Writers are wonderful people, but we’re way too trusting.
Kristine Kathryn Rusch has a long blog post covering a new (to me, anyway) epublishing scam.
Read the entire post, and be warned…The Business Rusch: A Warning To All Writers Who Need Help Indie Publishing Â« Kristine Kathryn Rusch:
“Hereâ€™s the truth, people. Scam artists proliferate in the places where the most vulnerable populations live. Right now, writers are vulnerable. Writers donâ€™t want to learn how to run their business. They donâ€™t want to pay any money up front if they canâ€™t handle e-pubbing or POD on their own. They donâ€™t want to pay flat fees â€“ even if they can afford the fees. They want to give it to someone else and not bother their pretty little heads about it.
Well, those pretty little heads are getting royally screwed.”
Read your contracts, PLEASE
In the article, Kathryn says: “This writer has multiple New York Times bestsellers published at more than three per year for at least twenty years. She has sold 35 million copies of her books”.
Really? It makes me wonder what else she agreed to, if she’s so trusting. I’ve signed book contracts, and NEVER ONCE have I signed any contract without striking out some egregious clause the publisher tried to sneak in. One clause copyrighted the book in the publisher’s name. Amusing — not.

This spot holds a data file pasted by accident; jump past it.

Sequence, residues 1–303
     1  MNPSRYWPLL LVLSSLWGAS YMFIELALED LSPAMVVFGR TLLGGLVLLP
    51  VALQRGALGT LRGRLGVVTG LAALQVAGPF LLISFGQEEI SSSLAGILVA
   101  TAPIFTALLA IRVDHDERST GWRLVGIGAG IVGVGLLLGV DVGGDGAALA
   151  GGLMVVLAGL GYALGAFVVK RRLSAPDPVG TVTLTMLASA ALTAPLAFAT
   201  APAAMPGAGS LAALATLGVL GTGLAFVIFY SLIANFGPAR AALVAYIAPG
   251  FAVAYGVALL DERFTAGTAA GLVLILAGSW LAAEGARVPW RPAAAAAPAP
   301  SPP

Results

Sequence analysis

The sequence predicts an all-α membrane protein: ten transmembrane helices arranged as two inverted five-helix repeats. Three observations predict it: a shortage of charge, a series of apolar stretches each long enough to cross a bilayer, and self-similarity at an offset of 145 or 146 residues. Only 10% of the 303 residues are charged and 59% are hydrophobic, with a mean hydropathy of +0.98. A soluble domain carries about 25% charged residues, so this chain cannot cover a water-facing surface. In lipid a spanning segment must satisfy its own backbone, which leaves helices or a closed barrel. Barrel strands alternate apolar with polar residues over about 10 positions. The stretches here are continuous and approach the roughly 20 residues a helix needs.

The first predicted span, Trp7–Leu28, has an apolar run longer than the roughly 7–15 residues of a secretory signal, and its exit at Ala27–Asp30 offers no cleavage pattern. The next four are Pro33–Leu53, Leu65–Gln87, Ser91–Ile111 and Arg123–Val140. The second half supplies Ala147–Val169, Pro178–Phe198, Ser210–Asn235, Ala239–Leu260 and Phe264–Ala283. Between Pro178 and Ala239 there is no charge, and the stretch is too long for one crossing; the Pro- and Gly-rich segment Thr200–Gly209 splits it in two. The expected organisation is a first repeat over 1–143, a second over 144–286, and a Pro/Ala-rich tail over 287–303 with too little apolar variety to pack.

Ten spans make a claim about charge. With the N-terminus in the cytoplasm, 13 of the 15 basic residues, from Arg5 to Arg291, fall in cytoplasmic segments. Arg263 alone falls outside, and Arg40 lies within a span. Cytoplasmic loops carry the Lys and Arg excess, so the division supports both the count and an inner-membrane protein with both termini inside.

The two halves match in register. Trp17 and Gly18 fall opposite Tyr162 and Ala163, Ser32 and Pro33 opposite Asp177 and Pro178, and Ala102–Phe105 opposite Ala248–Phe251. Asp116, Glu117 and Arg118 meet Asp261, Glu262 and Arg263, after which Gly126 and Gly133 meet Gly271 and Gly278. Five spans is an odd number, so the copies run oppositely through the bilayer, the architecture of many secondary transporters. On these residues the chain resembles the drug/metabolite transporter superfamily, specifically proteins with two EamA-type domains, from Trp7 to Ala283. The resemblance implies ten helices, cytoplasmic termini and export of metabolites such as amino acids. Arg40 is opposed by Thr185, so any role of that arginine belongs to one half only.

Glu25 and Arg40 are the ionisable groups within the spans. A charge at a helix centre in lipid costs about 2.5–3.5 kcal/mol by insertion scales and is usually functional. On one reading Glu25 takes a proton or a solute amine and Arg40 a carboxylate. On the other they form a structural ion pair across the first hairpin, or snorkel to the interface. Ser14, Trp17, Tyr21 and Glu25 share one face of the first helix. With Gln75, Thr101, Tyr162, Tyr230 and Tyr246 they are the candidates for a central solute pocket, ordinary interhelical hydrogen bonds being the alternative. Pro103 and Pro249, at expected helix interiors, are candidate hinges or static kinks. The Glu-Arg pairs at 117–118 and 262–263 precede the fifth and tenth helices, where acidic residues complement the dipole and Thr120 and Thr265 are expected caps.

Electronic publishing is new. Companies behave the way they’ve always behaved — they’ll get an advantage any way they can. That’s nothing new. It’s the way business works.
Big, big tip: when you’re e-publishing, figure out how to do it yourself. Once you know how it works, you can hire someone else to do it. But as Kathryn says — pay flat fees. Why on earth would you want to offer any company a percentage? WHY?
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